PARIS — Unemployment levels in the world's advanced economies could improve next year, even though the number of people without work will likely continue to rise in several European countries, a leading international economic body said Tuesday.
In a report published Tuesday, the Organization for Economic Cooperation and Development predicted that the jobless rate for the countries that use the euro would rise from 12.2 percent to 12.3 percent by the end of next year. Many countries, like Greece, Spain and Portugal will see a much sharper increase as their economies struggle to recover.
But good news is on the way for some countries. For the 34-country OECD, unemployment is projected to fall slightly next year from 8 percent to 7.8 percent. The United States could see its unemployment rate fall from 7.6 percent to 6.7 percent, while Germany's could drop from 5.3 to 4.7 percent.
The OECD says young people and low-skilled workers have borne the brunt of high unemployment.
"The social scars of the crisis are far from being healed," the organization's secretary-general, Angel Gurria, said. "Many of our countries continue to struggle with high and persistent unemployment, particularly among youth."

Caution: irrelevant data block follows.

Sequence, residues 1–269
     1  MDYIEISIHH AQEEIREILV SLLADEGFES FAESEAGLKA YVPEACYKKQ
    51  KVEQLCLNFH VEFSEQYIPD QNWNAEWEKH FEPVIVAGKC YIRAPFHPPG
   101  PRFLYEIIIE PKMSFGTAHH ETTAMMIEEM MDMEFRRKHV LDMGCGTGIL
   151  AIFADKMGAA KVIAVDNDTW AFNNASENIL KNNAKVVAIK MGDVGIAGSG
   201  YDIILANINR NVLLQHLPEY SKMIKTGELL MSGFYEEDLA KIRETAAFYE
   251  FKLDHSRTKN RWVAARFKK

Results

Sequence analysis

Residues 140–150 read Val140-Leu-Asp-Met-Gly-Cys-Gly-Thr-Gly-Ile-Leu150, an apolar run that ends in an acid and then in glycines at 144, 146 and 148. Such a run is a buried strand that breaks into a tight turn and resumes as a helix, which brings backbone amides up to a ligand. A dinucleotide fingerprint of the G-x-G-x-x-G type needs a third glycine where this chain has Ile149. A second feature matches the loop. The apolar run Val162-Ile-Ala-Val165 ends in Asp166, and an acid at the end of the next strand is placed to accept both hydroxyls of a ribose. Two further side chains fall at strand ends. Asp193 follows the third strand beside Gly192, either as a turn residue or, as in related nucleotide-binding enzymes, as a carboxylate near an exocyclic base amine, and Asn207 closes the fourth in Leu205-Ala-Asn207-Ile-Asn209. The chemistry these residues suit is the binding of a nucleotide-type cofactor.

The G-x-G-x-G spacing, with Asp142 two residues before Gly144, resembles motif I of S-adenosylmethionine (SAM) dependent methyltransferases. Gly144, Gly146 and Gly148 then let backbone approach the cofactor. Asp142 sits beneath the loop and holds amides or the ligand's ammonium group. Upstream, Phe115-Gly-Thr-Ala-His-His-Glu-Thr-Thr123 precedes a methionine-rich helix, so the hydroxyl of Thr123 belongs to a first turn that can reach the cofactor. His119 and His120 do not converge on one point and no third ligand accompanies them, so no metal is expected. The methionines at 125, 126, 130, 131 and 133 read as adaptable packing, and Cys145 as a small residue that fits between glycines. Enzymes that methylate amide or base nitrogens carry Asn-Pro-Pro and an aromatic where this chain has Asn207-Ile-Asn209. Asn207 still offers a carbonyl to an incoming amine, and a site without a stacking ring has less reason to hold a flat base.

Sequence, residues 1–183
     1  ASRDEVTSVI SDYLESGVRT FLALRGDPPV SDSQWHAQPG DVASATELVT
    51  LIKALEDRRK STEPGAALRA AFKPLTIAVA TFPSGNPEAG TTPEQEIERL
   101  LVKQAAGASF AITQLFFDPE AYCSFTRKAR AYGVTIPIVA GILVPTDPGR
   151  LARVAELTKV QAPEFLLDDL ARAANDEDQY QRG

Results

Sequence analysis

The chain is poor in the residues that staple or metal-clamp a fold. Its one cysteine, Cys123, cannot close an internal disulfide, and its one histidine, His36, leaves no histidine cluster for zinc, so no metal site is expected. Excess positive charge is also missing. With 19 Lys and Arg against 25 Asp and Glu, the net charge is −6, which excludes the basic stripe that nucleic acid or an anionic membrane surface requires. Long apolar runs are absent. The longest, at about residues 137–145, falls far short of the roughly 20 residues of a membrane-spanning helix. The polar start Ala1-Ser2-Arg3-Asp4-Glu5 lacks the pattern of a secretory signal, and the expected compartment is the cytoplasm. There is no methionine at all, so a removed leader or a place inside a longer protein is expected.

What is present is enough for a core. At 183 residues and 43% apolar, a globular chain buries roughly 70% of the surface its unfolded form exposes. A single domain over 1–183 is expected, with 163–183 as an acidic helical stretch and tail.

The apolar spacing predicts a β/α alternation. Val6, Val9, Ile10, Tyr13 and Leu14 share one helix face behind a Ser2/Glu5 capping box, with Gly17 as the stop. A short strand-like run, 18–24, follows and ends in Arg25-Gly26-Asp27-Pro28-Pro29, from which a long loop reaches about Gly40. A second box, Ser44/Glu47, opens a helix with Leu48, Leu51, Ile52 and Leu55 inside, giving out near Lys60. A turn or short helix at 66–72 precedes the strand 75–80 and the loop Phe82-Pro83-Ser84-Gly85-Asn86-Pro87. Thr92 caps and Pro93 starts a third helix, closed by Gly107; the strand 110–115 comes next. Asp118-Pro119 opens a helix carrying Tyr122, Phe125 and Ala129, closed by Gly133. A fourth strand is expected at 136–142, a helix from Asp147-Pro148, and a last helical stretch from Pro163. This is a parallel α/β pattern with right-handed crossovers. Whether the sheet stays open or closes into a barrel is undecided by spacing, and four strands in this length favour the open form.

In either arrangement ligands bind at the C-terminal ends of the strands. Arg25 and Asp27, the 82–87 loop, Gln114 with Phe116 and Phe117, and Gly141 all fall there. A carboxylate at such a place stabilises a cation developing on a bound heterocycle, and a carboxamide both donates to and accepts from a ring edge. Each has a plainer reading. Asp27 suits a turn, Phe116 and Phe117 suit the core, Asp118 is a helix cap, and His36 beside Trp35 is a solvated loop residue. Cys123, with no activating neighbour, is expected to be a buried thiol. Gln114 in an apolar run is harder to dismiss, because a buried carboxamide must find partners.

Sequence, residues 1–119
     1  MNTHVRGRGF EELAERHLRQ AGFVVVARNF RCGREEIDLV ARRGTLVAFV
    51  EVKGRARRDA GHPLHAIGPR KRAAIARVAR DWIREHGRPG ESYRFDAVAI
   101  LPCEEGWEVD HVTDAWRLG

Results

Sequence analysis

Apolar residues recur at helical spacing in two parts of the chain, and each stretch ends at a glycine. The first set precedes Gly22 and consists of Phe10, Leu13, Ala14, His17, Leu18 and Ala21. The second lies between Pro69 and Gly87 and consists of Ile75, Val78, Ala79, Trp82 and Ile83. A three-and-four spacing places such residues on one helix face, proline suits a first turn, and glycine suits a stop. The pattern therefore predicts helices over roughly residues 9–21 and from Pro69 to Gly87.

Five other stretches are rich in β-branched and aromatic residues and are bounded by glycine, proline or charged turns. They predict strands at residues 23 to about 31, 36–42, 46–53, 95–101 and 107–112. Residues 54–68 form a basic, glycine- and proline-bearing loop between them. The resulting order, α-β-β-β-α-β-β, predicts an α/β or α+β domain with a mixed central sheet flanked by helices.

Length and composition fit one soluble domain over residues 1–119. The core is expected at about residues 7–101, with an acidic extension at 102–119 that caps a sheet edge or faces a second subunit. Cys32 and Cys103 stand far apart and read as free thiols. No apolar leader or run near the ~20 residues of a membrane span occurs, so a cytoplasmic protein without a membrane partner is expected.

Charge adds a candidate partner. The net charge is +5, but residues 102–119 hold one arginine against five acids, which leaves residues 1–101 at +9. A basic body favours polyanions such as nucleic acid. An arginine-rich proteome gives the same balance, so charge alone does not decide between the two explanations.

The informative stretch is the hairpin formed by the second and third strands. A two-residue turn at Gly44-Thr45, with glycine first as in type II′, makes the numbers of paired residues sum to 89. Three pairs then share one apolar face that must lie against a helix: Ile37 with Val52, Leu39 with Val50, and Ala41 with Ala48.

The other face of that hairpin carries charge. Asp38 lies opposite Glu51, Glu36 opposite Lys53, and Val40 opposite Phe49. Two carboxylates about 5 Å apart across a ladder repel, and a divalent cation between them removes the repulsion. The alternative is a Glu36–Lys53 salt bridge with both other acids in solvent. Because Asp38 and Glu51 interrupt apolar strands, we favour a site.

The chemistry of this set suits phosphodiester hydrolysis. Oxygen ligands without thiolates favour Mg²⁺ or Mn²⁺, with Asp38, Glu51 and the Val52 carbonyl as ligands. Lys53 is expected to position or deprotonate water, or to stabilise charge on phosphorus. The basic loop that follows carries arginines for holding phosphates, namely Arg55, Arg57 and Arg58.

In some countries, the youth unemployment rate is double the overall figure, as young people struggle to even enter the job market at the most basic level.
The report warned that many people who have been out of work for a long period are now facing the possibility of losing their unemployment insurance and having to shift to less generous benefits. In many countries, even unemployment benefits are not what they used to be, as many governments have been forced to make big cuts to public spending; the report said average spending per jobseeker in the OECD has fallen around 20 percent since the crisis began.
The report said there are no quick fixes to unemployment, only the slow work of making labor market reforms. It praised countries like Greece, Italy and Spain that have made such reforms, introduced as part of efforts to tackle their debt problems and turn round their economies.
It also cautioned against falling back on offers of early retirement in the hopes of combatting unemployment, noting that the trend of older workers staying in their jobs longer hasn't seemed to have an adverse effect on young people.
"Bringing back early retirement schemes or relaxing rules for disability or unemployment benefits for older workers would be a costly mistake," the report said.